Background: Recent increases in maternal mortality and severe maternal morbidity highlight the need to improve systems for safe maternity care. We sought to identify whether publicly available state perinatal guidelines incorporate levels of maternal care (LoMC) criteria. Materials and Methods: We searched websites for 50 U.S. states and Washington, D.C. for LoMC guidelines. The Health Resources and Services Administration's Title V Program directors confirmed/updated search results through January 2018. Data abstracted included: (1) definitions of levels; (2) provider types; (3) facility capabilities and services; and (4) programmatic responsibilities as promoted in the 2015 Society for Maternal/Fetal Medicine and American College of Obstetricians and Gynecologists consensus document on LoMC. Results: LoMC guidelines were identified for 17 states; 12 defined four levels and five defined three levels of care. In Level I, 14/17 states specified obstetric provider availability for every birth and five specified an available surgeon to perform emergency cesareans. Fourteen states specified the availability of blood bank and laboratory services at all times. In the highest level (III or IV), 16/17 state guidelines specified a maternal/fetal medicine specialist; all but two specified anesthesia providers or services. Ten states referenced availability of an onsite intensive care unit in their highest level. All 17 state guidelines specified maternal transport and referral systems. Conclusions: Only one-third of states have publicly available perinatal guidelines incorporating LoMC criteria. Definitions, criteria, and nomenclature varied. Lack of LoMC guidelines with standardized criteria limits monitoring and evaluation of regionalized systems of maternal care.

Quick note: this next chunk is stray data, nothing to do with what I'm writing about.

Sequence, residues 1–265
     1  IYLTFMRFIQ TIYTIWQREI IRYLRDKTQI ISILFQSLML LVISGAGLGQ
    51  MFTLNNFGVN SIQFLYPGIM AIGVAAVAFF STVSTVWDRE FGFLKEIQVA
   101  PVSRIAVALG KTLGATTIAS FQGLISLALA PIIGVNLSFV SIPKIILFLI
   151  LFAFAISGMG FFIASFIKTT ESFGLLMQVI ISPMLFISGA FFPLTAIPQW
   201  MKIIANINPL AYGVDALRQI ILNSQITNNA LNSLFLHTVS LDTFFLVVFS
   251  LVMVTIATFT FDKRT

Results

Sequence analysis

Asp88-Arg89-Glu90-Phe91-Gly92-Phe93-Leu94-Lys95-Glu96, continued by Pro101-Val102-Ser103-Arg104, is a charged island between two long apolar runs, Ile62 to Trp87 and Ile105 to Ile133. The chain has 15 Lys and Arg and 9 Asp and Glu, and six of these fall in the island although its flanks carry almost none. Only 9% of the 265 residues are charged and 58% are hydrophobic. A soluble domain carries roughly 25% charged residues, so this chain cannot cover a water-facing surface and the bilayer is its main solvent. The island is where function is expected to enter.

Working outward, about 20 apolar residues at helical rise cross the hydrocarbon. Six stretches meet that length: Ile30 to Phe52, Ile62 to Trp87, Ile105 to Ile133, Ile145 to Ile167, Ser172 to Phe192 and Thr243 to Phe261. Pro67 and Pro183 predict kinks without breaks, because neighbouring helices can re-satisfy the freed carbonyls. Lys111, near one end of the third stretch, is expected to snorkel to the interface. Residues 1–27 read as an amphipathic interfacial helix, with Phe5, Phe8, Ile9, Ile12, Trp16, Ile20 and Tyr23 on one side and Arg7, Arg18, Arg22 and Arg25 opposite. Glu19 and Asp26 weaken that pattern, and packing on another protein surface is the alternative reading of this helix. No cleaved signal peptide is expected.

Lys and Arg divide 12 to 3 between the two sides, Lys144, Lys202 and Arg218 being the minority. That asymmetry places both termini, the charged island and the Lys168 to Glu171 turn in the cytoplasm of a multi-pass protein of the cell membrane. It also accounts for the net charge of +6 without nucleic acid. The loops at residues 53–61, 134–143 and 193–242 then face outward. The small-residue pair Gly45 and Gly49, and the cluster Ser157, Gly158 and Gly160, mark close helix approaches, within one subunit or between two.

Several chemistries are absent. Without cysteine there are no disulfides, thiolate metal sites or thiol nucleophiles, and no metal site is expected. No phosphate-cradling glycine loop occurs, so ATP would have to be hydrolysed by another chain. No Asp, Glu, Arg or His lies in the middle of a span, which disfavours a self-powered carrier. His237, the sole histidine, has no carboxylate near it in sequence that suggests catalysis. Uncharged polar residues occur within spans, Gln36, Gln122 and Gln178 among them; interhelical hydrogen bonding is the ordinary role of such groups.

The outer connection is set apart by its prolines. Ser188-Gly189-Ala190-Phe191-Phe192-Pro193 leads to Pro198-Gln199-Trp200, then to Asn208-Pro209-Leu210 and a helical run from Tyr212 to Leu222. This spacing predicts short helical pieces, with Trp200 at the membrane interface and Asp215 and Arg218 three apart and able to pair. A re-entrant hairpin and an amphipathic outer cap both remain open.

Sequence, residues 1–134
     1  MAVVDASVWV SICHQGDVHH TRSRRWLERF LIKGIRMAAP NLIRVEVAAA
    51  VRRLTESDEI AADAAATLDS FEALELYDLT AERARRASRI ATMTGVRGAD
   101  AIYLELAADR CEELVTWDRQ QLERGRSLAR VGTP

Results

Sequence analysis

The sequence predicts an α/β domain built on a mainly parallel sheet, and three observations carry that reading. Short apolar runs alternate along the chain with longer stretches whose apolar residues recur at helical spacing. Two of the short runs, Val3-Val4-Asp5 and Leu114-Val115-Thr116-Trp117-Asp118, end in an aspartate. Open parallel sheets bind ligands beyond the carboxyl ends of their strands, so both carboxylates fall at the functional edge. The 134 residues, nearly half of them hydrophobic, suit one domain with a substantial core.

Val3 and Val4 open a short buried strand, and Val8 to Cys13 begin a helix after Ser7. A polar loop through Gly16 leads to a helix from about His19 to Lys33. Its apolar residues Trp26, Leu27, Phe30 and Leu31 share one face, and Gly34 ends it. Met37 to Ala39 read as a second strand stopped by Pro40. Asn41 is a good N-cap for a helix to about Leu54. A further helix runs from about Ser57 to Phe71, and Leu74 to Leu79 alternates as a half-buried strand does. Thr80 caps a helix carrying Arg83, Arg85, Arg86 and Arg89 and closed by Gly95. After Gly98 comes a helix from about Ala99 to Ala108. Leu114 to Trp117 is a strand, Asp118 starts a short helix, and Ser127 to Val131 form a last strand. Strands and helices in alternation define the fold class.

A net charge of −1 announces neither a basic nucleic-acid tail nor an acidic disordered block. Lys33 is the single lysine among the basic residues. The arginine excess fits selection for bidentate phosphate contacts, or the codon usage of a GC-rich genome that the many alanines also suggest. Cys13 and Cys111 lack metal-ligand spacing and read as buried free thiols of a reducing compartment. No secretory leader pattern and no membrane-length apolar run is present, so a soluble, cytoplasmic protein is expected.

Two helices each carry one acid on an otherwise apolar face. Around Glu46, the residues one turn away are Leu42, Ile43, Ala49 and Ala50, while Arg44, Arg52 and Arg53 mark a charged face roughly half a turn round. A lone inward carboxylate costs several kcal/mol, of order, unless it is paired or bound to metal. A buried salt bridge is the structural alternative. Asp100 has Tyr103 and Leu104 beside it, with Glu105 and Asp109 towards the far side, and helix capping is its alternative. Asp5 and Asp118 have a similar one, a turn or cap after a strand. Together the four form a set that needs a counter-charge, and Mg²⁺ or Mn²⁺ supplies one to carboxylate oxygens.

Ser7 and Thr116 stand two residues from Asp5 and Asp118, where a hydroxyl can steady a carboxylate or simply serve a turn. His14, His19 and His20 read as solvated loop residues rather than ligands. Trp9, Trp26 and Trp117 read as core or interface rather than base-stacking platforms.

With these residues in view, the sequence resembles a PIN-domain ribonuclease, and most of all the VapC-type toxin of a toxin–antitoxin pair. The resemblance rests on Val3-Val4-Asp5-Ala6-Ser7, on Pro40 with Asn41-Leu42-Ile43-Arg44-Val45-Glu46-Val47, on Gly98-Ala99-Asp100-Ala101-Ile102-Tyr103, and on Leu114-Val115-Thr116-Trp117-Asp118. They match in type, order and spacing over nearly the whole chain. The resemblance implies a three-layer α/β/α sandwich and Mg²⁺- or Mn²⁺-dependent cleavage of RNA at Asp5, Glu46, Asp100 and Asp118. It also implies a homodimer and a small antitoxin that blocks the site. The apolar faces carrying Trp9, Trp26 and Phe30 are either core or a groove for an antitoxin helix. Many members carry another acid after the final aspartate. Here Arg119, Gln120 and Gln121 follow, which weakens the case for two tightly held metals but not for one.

4.
Obstet Gynecol ; 134(3): 545-552, 2019 Sep.
Artigo em Inglês | MEDLINE | ID: mdl-31403590

RESUMO